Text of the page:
Mental Health and Janine’s Life-Long Struggles and Successes
Mental health issues is something that my guest, Janine Francolini struggled with for years. In her mid teens, this developed into an eating disorder and by 17 years old, she was hospitalized after her first suicidal attempt. After years of struggling with mental health, she is here today to share her story.
The trauma began at age 7, under the torment of a teacher, she would cry every day. Having been left untreated, her stress levels increased over time leading to extreme anxiety. “Sixth grade, [I] started to get extreme, extreme anxiety attacks. I would have hives on my body—it was really bad.”
Her mental health continued to suffer into her late teens when she describes her first suicidal attempt. “I was in complete blackness. I was always thinking about suicide, not sleeping… I don’t know how I functioned.” She planned her suicide for months and tells us how it consumed her thoughts, “It’s a little scary that it was so easy and calm. It was like, this is the night—It was a Sunday night—these are the pills. I went to bed and took the pills. It was easy to do. That’s … wow…” Looking back, adult Janine would tell her teen-self not to hide her feelings and worries. To share them and be more open about her mental health.
Janine delves deeper and tells us about her trials with an eating disorder and also about her successes. “I never weigh myself! Since the pregnancy I never weigh myself.” We talk about relapses and what alerts her that she may be having unhealthy thoughts. When she’s having those, “I’m so fat” thoughts she talks to her friends about it and she talks to herself about it. She confesses, “I have to be honest; the past five years… it’s been hard work to stay on top of it [mental health]. I’ve got my system down. It’s very relaxed. I don’t starve myself, I don’t diet… I just try to work on self-love and self-acceptance.”
She speaks to something that a lot of us don’t realize. That our relationship with ourselves takes a lot of work and effort. Just as we need to spend time on our relationships with others (whether they be romantic or work related), we need to invest in ourselves and our mental health. We need to take inventory of our thoughts and how we treat ourselves. She goes on to say, “The bottom line here is that I can’t go to these dark places of helping advocate for people in prison or people with serious mental illness or homelessness when my light isn’t turned on. For Janine, checking in with herself has become a way of life. She checks in with herself moment to moment, just as someone might have to be aware of their blood sugar if they have diabetes.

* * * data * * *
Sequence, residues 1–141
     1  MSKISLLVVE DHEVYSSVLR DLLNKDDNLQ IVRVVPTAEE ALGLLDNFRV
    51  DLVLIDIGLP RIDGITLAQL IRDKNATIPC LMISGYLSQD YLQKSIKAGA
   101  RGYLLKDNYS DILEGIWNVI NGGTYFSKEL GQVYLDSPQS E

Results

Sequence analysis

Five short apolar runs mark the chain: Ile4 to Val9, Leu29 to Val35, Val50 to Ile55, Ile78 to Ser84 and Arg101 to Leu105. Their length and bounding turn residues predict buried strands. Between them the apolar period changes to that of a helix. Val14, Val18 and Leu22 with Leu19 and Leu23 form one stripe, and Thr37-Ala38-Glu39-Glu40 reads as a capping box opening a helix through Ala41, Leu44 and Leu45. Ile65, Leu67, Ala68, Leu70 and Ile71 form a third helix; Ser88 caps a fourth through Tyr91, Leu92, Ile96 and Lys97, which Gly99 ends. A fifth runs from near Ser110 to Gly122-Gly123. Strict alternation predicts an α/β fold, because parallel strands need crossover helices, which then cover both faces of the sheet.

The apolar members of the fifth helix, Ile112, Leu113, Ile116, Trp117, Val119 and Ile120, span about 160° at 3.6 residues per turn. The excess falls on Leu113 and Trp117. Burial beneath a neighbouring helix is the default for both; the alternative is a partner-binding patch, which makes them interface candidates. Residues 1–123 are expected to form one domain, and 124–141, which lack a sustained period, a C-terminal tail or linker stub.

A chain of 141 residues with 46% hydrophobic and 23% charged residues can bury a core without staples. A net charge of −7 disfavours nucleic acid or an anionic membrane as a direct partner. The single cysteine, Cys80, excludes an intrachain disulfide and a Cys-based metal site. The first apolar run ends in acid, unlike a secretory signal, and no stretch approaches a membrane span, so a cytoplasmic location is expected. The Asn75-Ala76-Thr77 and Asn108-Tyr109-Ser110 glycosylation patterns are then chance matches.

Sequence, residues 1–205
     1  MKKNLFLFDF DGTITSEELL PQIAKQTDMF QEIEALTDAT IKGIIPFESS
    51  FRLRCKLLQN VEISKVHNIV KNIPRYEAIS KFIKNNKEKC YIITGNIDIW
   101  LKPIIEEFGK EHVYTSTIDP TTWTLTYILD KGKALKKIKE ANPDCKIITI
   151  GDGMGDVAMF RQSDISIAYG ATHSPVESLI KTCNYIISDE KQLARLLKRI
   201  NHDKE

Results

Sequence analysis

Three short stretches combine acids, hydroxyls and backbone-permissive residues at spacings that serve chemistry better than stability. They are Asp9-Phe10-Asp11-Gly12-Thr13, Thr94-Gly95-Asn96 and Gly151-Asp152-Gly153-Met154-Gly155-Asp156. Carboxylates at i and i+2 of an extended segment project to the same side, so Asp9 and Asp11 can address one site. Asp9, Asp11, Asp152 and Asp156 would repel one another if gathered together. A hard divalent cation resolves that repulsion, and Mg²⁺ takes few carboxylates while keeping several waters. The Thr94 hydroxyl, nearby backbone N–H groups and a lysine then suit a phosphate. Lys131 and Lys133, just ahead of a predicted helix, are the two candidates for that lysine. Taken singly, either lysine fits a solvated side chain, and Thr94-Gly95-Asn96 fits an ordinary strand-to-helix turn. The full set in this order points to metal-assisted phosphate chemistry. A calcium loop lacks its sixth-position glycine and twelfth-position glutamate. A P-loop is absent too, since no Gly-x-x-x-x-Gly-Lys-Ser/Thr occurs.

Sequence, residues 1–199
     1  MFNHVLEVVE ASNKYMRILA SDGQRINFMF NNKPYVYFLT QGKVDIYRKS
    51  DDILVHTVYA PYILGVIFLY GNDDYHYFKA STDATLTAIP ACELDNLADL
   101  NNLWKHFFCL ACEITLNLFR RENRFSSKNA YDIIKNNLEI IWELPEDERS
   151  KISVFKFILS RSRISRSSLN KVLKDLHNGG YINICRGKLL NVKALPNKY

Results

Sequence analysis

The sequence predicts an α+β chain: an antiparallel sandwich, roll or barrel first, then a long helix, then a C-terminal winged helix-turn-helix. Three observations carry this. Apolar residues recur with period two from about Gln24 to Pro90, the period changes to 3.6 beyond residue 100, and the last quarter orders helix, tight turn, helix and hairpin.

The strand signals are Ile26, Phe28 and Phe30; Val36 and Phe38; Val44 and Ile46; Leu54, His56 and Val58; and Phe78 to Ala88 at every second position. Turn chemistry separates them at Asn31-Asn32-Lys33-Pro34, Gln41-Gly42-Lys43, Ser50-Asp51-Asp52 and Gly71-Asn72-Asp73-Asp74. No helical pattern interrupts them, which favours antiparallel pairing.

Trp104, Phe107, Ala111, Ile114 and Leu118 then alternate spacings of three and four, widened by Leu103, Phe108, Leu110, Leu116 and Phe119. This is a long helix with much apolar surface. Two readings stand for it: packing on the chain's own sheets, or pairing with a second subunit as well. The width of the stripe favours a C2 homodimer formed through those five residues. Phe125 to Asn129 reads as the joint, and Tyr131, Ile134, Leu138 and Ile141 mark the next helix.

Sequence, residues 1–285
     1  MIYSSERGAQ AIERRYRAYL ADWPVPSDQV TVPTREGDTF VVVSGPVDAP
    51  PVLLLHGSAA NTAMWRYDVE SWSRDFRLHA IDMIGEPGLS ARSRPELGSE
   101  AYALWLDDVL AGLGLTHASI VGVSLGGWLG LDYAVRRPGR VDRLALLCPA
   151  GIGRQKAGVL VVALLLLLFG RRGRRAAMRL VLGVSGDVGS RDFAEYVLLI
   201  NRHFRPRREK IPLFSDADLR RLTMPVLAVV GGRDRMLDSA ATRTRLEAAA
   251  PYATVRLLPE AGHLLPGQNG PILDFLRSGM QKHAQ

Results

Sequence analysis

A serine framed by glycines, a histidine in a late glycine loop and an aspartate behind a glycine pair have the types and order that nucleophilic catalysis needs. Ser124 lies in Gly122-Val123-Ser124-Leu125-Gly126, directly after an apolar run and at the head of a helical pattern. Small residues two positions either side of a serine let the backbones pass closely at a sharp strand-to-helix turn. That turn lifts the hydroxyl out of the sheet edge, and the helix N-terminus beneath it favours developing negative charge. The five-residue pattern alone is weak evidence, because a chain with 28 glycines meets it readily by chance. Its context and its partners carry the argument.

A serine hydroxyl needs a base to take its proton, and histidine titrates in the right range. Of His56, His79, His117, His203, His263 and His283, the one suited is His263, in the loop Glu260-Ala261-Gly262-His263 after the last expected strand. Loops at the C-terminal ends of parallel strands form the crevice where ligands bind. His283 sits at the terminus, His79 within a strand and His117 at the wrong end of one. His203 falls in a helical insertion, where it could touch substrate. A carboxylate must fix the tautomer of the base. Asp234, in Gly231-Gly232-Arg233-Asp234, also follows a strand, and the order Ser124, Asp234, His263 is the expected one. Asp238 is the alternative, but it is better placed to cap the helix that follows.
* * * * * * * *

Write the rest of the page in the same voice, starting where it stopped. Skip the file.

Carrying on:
As I do of all my guests, I ask Janine what has been the greatest gift from her experience with mental illness. “Knowing that depth of darkness, the greatest gift has been the ability to hold space for others and to be able to do this work in the world. There is nothing that shakes and rattles me. Nothing.”
If she were speaking to someone who was contemplating suicide, she would try to connect with them. “The isolation is lethal. So, I wouldn’t judge, I wouldn’t say things like, “Oh, it’s going to get better, don’t worry.” Because when you’re in that spot, you just want to be seen and heard and have that space held for you, where you’re at.”
I hope that you have learned something really amazing from Janine’s story. If you’re dealing with mental health, if you’re suffering from suicidal thoughts or an eating disorder, reach out. Get help, there is support out there. Do your self work, figure out what your triggers are and figure out how you can be healthy, happy, whole and move forward.
Follow Janine Francolini on Twitter @flawlessgrats
Learn more about Janine’s work to end the stigma about mental illness at www.flawlessfoundation.org
Read her great blogs on The Huffington Post here!
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